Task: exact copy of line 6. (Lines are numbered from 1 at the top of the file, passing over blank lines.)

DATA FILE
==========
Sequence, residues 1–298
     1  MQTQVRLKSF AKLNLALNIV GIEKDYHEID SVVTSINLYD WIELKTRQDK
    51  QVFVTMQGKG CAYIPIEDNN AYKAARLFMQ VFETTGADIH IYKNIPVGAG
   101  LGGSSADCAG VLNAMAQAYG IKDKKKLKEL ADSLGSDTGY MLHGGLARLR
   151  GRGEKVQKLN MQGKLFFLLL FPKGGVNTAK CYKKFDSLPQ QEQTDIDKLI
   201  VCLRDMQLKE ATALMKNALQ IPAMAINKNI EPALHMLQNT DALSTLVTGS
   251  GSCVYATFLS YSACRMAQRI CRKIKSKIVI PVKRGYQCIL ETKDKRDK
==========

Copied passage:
   201  VCLRDMQLKE ATALMKNALQ IPAMAINKNI EPALHMLQNT DALSTLVTGS